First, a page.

30 open questions in physics and astronomy
A friend of mine asked me if I thought there were actual open questions in physics, ones that individuals or small groups could make a contribution to (as opposed to things like the Higgs boson which require 4000 people and billions of dollars to suss out). Here is a list I came up with. I don’t think it is definitive, and for all I know, some of these problems may no longer be open questions as of today, but I didn’t find anything better on the internets. It may be of interest to young researchers wishing to make a real contribution to human knowledge. Or maybe it’s just something to bullshit about.
Unlike other such lists, there are no silly cosmological or quantum gravitic types of questions on it. I think these are unanswerable questions, and not presently solvable by Baconian science. Essentially, such questions are metaphysical. They can’t presently be solved even in concept by making observations about reality. We’d still like to know the answers to such questions as how to unify gravity with the other forces, but it’s effectively a sort of mathematical philosophic enquiry, rather than normative science.
The other aspect of my “open questions” is they could conceivably be solved by an individual or a small team. I had to use my judgement on that, such as it is. I think these are all interesting and worthy mysteries; ones which could be of great import to the human race. I suppose they vary quite a bit in importance, but all of ’em are interesting.
- High Tc superconductors: they cost nothing, and liquid nitrogen is cheap. Nobody knows how they work, or if they could make one at room temperature. The consequences would be tremendous if we could! IMO, every barnyard physicist who is worth two shits should have some perskovites and liquid nitrogen kicking around the lab, just for fiddlin’ with.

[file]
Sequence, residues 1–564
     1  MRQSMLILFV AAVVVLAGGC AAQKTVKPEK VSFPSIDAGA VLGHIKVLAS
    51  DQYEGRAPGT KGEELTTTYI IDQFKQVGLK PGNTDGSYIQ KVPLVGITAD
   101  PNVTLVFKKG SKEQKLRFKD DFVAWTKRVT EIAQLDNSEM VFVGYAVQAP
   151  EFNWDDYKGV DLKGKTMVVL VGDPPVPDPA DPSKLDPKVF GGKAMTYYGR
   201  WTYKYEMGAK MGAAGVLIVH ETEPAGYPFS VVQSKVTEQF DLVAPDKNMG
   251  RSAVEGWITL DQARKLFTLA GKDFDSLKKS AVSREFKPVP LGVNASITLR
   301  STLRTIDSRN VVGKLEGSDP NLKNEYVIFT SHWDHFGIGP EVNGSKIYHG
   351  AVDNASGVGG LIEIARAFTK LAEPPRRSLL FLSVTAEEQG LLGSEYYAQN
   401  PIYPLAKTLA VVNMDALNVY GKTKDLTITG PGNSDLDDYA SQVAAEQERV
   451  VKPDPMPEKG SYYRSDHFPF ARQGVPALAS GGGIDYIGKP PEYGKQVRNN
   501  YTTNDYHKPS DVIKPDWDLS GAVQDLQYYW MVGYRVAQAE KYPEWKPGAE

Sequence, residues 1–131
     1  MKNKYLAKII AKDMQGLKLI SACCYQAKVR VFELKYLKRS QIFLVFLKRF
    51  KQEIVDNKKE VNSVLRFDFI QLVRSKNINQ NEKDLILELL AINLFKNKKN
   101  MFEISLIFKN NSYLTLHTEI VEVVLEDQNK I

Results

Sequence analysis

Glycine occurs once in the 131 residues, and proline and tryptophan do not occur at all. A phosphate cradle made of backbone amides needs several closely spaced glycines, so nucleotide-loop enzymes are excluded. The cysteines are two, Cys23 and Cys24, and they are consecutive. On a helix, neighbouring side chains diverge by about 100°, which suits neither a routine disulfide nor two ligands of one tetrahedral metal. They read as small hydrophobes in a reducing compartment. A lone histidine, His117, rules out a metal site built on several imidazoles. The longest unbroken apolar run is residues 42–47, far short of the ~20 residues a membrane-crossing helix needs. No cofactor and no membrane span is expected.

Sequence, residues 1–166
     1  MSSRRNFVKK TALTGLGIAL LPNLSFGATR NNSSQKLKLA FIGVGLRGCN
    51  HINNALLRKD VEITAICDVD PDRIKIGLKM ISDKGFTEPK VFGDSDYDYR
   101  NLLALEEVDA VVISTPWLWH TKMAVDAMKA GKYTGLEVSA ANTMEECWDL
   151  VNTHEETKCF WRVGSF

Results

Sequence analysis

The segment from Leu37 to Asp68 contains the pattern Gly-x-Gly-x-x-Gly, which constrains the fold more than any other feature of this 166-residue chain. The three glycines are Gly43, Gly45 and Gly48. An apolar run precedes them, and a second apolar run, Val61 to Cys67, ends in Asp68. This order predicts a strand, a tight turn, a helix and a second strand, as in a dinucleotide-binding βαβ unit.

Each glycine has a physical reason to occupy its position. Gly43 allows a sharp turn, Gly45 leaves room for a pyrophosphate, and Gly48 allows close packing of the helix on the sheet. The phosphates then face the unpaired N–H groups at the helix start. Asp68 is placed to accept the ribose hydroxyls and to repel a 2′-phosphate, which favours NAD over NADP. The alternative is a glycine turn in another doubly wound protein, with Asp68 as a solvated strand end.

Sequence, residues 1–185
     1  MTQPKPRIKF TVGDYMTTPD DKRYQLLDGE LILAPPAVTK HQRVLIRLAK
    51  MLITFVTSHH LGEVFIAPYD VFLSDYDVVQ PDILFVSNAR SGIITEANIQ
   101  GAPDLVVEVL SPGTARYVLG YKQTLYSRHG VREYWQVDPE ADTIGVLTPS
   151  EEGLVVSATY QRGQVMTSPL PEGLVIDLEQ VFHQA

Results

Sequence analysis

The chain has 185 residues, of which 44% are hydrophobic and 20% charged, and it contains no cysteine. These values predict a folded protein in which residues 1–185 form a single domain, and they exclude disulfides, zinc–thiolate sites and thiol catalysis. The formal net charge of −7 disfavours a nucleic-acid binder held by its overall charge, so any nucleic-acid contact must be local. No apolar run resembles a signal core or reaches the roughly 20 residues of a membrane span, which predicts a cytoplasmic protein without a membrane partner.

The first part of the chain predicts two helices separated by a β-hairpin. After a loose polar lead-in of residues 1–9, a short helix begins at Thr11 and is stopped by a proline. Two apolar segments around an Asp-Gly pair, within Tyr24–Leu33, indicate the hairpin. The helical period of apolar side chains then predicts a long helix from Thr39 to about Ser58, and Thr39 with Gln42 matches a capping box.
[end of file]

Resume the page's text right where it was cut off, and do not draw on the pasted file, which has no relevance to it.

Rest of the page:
- Turbulence and Navier-stokes is still little understood: this is pencil and paper physics which stumped Heisenberg. If you think liquids are important, this is huge.
- Why is life chiral? When you make amino acids using chemistry, it isn’t chiral. How come life is chiral?
- Quantum mechanics is still mysterious, particularly in the classical limit: pencil and paper contributions and relatively cheap (though carefully done) experiments are possible. This is one of the biggest open questions for it’s philosophical and technological (quantum computing?) implications.
- Cosmic ray physics still has plenty of unusual phenomena. Detectors are cheap. You do have to wait for things to happen. What’s up with the giant cosmic rays for example?
- Solid to glass phase transitions are poorly understood and very interesting.
- Fractional quantum Hall effect: simple and cheap experiments, and pencil and paper theory which could help us understand lots of other things in nature.
- Catalysis is fairly mysterious and potentially revolutionary for novel technologies. The models I have seen are pretty hand-wavey, and not very useful for inventing new catalysts or predicting the properties of old ones.
- Entropy and the arrow of time; this is at least as important as Ernst Mach’s philosophical ideas on relativistic things, which eventually helped lead to relativistic physics. Pencil and paper and thought experiments will suffice here. This is a very important philosophical question. Probably more important than understanding quantum mechanics.
- What is life? Nobody knows.
- How do brains work?
- Properties of metallic hydrogen -I think you can do these experiments in diamond anvils. Or you could send a lab to Jupiter.